Idle Threats, Hermit Theatre, at the Chicago Cultural Center. You have to like a playwright with the guts to explore the effect critics have on art and artists. In Idle Threats Idris Goodwin gives us a brilliant but spoiled movie critic (played with a beguiling understated irony by off-Loop veteran Beau O’Reilly) who pans a film by an unstable eastern European director without having seen it.

In the hands of a talented writer of farce, this ethical lapse and subsequent attempts to cover it up could have set in motion a marvelously funny screwball comedy. But Goodwin seems not to have recognized the comic potential in his story: even the quips the characters occasionally shoot at each other are bitter little pills. Instead he delivers a flat, somber two-and-a-half-hour play full of endless talk, in which the characters discuss what they’re like, what they’ve just done, or what they’re planning to do as soon as the scene ends. Almost nothing interesting happens; even a long-planned kidnapping occurs offstage.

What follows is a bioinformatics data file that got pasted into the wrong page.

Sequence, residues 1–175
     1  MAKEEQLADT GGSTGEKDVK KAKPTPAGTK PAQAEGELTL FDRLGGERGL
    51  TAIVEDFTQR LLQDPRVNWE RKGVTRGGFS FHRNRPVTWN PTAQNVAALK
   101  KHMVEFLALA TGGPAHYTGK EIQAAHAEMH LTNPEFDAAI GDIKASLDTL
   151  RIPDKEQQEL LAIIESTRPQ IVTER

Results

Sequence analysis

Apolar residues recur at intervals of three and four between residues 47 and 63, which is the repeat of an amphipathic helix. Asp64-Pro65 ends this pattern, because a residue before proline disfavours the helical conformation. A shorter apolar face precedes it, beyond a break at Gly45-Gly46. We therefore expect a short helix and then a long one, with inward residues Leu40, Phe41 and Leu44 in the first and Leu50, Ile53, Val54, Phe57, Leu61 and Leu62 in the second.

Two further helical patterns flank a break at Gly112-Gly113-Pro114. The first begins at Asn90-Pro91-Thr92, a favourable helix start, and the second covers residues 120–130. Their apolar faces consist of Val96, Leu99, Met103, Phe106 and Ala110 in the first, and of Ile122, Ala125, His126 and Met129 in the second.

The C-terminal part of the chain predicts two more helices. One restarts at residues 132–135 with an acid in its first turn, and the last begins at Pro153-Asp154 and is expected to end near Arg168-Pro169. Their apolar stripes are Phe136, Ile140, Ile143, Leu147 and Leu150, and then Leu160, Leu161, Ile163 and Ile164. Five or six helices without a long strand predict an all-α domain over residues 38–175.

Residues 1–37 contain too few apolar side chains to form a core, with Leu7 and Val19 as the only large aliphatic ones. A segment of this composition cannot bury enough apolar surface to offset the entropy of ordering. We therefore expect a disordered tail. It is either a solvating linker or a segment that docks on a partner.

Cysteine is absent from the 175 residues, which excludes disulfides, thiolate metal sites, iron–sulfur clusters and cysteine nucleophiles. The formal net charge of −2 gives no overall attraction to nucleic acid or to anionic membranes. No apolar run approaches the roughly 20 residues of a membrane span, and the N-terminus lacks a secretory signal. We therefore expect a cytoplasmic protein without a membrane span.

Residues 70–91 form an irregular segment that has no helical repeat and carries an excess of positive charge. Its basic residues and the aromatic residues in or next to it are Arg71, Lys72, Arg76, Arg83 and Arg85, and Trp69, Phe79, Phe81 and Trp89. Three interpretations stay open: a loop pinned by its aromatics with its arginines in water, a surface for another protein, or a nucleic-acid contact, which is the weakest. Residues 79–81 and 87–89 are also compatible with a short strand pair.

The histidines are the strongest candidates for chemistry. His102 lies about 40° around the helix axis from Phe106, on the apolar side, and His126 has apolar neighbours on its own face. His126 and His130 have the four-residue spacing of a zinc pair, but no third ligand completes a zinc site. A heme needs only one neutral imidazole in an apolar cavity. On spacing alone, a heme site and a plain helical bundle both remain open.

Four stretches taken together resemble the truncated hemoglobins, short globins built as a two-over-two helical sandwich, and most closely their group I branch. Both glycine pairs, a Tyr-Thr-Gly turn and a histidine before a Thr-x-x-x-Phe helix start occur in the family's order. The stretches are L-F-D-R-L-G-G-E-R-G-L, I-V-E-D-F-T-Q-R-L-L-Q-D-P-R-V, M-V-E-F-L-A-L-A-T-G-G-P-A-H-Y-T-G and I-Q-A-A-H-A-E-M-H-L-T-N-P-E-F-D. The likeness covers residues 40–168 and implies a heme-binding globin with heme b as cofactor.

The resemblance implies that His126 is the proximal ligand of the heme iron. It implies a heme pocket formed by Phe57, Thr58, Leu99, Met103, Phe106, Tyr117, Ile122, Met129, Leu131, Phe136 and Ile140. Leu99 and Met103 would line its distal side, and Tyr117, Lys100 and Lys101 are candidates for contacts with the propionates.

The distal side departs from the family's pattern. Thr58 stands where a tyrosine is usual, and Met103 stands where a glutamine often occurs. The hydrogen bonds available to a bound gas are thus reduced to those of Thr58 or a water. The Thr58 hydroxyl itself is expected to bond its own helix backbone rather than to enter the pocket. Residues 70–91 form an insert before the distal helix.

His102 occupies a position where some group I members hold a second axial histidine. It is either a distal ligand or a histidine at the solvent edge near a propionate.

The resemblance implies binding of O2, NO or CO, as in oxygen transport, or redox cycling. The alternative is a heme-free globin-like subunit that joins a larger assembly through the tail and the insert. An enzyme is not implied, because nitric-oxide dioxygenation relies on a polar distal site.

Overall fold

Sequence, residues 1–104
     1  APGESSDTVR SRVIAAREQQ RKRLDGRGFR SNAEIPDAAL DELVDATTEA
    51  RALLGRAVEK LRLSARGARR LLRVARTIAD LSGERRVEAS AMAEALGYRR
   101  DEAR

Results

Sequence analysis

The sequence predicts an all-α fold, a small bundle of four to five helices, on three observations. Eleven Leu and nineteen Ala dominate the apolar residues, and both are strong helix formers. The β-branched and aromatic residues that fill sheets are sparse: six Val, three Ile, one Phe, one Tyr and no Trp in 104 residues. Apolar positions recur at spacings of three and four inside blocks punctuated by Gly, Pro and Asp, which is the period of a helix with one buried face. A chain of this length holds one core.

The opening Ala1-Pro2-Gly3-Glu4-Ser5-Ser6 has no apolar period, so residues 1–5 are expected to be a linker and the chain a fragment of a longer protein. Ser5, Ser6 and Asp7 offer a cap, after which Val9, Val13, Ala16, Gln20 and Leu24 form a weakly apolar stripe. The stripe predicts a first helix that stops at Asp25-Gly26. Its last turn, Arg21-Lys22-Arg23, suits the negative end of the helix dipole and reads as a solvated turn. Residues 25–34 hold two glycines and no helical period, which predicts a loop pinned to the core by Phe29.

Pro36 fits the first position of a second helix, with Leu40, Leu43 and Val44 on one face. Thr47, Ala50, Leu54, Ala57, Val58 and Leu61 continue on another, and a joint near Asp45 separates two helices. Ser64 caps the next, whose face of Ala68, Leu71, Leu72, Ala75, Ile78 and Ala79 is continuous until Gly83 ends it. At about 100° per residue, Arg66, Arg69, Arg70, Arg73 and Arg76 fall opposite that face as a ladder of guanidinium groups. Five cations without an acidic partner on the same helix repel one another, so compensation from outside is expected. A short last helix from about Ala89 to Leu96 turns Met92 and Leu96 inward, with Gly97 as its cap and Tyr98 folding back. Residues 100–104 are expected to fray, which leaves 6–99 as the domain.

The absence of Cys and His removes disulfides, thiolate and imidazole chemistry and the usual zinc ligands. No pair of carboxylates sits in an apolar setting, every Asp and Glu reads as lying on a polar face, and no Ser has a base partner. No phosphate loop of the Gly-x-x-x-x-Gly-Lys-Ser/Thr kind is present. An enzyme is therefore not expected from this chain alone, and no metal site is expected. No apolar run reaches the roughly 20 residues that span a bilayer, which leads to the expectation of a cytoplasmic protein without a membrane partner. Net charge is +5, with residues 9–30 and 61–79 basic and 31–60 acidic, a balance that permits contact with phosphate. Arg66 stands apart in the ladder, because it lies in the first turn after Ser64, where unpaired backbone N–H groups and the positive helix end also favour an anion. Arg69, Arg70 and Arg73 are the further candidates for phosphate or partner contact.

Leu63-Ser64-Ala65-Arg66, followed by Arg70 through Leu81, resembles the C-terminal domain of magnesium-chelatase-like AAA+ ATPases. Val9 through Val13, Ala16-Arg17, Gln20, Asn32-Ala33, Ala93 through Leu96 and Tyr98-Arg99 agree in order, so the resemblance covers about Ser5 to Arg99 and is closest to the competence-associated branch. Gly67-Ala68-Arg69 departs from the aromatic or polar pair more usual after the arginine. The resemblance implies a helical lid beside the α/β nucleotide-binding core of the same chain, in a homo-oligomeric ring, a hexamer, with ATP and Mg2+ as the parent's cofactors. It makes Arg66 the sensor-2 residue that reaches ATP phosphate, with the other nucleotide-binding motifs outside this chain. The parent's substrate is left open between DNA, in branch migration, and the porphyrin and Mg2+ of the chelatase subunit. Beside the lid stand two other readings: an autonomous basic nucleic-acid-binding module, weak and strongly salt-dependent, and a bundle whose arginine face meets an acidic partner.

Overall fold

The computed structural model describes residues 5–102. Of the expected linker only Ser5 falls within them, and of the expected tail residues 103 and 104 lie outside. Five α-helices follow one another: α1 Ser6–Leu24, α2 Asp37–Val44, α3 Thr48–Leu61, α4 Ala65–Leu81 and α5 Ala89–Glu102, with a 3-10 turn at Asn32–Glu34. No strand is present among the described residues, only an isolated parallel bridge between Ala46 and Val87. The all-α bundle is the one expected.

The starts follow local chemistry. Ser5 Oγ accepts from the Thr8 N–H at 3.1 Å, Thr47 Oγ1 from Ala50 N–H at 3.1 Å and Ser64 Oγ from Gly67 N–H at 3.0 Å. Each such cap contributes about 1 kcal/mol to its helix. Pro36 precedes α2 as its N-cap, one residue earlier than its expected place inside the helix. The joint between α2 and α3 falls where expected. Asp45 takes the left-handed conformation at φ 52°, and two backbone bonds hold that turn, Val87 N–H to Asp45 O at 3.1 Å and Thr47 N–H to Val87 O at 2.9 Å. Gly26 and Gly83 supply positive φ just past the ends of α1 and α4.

Director Stefan Brun fills his production with lots of fascinating distractions, including a nearly continuous video backdrop. His casting is flawless; angular Ewa Boryczko is particularly wonderful, and a little scary, as the neurotic director. But there’s nothing Brun can do to give this sometimes preachy drama the illusion of a driving story.